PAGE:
While the grid is always developed to the highest of safety standards, we know some people are concerned about electric and magnetic fields (EMFs).
Across Ireland, we all need to use a lot of electricity in our daily lives. This requires EirGrid to transmit large amounts of electricity. When we do so, we must obey all laws, and meet all applicable health and safety standards.
The main safety risk with high voltage electricity transmission is accidental electrocution. This is a very low risk. To protect against this, we send this energy on wires carried by poles and pylons or buried underground in cables.
Some people have concerns about electric and magnetic fields (EMFs) near electricity lines and cables. Let's look at some facts and research about EMFs.
Are EMFs the Same as Radiation?
The fields from electricity are fundamentally different from x-ray and gamma ray radiation. Although they are all forms of electromagnetic energy, there are important differences.
Radiation refers to electromagnetic energy at the ionising end of the spectrum. This kind of energy is capable of breaking bonds in molecules. This damages our basic biological building blocks – the DNA of our cells.
Only the high-frequency portion of the electromagnetic spectrum is ionising. This includes x-rays and gamma rays. EMFs from the electricity grid are non-ionising. This means they do not have enough energy to cause damage to human or animal cells in the same way ionising radiation.
Some people fear that EMFs could cause cancer in the same way that ionising radiation does. But the scientific consensus is that there is no credible way to explain how this could happen.
Why Do Some People Say EMFs are Harmful?
The most common concern about EMFs from power lines is a fear that magnetic fields could be associated with childhood leukaemia.
This was first suggested in a 1979 epidemiological study. These kinds of studies look at patterns of disease in populations. While they cannot prove a cause of disease, they can suggest statistical associations to investigate.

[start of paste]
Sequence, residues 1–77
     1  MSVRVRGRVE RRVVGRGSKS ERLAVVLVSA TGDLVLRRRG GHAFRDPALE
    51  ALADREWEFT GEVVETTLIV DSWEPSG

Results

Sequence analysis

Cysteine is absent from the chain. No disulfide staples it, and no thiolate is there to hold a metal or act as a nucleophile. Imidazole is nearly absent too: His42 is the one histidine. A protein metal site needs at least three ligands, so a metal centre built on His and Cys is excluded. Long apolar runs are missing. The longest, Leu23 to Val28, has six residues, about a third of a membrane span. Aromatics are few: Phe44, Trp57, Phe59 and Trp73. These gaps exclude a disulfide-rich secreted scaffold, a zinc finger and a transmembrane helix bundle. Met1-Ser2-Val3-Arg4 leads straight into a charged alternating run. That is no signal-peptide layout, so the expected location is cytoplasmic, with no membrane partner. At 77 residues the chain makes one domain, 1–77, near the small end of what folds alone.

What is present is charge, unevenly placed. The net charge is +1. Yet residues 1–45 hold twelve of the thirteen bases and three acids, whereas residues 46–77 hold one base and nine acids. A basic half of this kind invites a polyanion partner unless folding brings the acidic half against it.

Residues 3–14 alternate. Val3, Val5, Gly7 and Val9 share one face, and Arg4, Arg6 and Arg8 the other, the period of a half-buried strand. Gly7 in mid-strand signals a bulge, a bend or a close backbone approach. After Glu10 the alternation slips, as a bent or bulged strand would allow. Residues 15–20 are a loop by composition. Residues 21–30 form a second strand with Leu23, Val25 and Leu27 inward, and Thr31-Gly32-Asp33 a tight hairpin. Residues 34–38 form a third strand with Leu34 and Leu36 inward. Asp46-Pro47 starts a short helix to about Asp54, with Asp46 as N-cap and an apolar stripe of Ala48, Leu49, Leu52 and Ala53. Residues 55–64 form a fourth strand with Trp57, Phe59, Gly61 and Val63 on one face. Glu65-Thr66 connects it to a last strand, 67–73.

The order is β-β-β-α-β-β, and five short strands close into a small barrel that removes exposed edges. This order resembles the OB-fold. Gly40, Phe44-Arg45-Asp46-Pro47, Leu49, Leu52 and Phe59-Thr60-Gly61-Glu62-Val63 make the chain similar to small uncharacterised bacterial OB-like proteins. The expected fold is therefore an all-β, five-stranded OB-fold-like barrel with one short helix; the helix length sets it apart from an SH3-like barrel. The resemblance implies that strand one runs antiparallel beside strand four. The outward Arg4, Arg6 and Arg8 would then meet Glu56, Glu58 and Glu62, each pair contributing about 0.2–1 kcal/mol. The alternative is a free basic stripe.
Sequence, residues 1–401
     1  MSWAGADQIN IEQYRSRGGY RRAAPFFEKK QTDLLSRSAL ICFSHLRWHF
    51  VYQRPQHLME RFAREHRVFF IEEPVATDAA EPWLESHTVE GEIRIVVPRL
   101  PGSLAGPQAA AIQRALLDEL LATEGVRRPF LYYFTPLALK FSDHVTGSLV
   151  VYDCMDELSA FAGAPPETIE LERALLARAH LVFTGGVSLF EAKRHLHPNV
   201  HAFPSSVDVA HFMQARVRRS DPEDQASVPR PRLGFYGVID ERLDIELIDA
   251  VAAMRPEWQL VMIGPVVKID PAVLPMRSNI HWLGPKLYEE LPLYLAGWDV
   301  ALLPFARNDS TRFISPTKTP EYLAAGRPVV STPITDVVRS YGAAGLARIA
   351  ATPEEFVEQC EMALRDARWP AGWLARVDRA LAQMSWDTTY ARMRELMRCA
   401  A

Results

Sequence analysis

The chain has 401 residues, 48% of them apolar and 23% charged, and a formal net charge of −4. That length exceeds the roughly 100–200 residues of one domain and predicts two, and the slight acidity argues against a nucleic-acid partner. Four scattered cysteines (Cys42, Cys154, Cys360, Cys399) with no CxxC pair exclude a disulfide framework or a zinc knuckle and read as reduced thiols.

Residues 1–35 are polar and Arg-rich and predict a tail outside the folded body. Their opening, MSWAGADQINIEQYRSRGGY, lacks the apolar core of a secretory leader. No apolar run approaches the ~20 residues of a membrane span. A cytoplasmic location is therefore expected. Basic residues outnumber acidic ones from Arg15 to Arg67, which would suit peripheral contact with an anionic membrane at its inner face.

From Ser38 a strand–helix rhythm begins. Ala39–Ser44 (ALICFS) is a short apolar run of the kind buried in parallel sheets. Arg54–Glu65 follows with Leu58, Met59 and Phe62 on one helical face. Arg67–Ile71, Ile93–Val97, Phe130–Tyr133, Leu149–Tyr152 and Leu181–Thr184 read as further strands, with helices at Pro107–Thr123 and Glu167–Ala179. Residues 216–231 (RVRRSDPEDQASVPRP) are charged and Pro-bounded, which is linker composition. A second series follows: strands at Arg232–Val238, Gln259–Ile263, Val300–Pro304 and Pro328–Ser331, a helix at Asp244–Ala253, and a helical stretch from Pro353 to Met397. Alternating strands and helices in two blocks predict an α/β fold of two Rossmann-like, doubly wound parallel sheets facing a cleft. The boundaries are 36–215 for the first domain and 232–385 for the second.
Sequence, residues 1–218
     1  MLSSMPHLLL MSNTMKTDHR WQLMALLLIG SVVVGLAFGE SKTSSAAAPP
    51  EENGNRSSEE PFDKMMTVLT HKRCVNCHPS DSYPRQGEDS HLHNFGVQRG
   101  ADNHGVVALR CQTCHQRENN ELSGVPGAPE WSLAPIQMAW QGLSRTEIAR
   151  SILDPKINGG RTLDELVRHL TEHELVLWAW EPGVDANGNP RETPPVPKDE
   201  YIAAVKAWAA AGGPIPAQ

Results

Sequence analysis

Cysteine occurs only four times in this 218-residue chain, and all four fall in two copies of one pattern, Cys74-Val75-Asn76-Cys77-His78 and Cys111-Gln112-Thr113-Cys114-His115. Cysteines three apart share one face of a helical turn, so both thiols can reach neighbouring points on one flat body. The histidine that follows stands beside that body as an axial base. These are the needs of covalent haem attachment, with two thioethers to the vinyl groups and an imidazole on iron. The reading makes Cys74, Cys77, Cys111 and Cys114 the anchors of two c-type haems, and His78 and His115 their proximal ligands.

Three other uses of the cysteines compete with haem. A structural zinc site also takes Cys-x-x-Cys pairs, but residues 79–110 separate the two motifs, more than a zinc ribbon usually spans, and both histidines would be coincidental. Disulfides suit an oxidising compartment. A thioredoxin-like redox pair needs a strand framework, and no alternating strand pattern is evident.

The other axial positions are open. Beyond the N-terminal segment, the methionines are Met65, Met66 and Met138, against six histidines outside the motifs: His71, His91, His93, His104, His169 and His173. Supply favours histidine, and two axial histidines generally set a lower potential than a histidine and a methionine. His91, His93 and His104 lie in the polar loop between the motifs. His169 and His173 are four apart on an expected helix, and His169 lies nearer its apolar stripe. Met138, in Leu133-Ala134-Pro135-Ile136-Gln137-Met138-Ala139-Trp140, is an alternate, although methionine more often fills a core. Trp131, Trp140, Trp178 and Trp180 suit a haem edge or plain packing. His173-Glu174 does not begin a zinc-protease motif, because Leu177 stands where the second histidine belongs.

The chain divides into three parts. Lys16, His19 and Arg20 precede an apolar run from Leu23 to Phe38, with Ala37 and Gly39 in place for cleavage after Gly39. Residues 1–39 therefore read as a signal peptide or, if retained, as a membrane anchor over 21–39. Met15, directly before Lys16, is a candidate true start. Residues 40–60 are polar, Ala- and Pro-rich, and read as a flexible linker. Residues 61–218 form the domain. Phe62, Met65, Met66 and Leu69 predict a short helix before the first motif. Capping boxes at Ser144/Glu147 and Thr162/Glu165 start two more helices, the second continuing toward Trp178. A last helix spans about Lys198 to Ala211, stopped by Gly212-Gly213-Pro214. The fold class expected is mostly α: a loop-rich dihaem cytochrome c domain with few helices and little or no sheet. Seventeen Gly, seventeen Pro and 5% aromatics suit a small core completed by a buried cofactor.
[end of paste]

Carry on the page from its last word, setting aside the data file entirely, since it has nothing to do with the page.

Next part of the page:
Because of the 1979 study, power lines and childhood cancers have been thoroughly investigated. These investigations included more epidemiological research, as well as laboratory studies.
There have been mixed results from subsequent epidemiological studies. Some have reported associations with magnetic fields; others have not. Recent studies conducted in the UK, France, Denmark and the US have not established associations between a home near transmission lines and childhood leukaemia.
Crucially, laboratory studies have found no connection and no explanation of how power lines could have this effect. Based on this history and its own review of research, the World Health Organization states there is no evidence to conclude that exposure to low-level EMFs is harmful to human health.
This issue has become emotive and controversial for some, as none of us can see EMFs or easily control our exposure to them. There are campaigners who believe any possibility of risk – even unproven – needs action. There are also some people with health problems that they believe are caused by power lines.
However, anybody who lives in the modern world has widespread exposure to extremely low-frequency EMFs. This is the case whether or not they live near power lines.
EMF levels from underground cables
We operate the grid to stringent safety recommendations. National and international agencies make these recommendations independently.
Several recommendations come from the International Commission for Non-Ionizing Radiation Protection (ICNIRP). This is an independent body, funded by public health authorities around the world. They've investigated EMF safety for decades, and give guidance on safe exposure.
The images below show the EMF levels produced by each cable type, based on the typical levels. This can vary based on the amount of power carried by the cable.
Figures shown above are typical. Magnetic field levels will vary for each installation, and will vary depending on how much power is carried in the cable.
See the infographic on the electromagnetic spectrum for the level of the magnetic field produced by alternating current (AC) underground power cables. Compare these figures to the ICNIRP basic restrictions for exposure to alternating magnetic fields, like those emitted by AC cables: 360 microteslas.
Figures shown are typical. Magnetic field levels will vary for each installation, and will vary depending on how much power is carried in the cable.
See the infographic on the electromagnetic spectrum for the level of the magnetic field produced by direct current (DC) underground power cables
Compare these figures to the ICNIRP basic restrictions for exposure to static magnetic fields, like those emitted by DC cables: 400,000 microteslas.
What EMFs do overhead power lines produce?
Figures shown above are typical. Measured EMFs will vary for each installation, and magnetic fields will vary depending on how much power is carried on the line.
ICNIRP, an independent body, funded by public health authorities around the world, has investigated the safety of EMFs for decades, and provides guidance on safe levels of exposure. The HSE recommends that ICNIRP guidelines are followed to protect the health of the public. We design the electricity network to make sure that public exposure to EMFs complies with these guidelines.
This diagram shows the levels of EMFs measured near power lines at various distances. As you can see, levels of EMFs near electricity infrastructure drop considerably as you move away from the lines.
Compare these figures to the ICNIRP basic restrictions for exposure: 9000 volts per metre and 360 microteslas.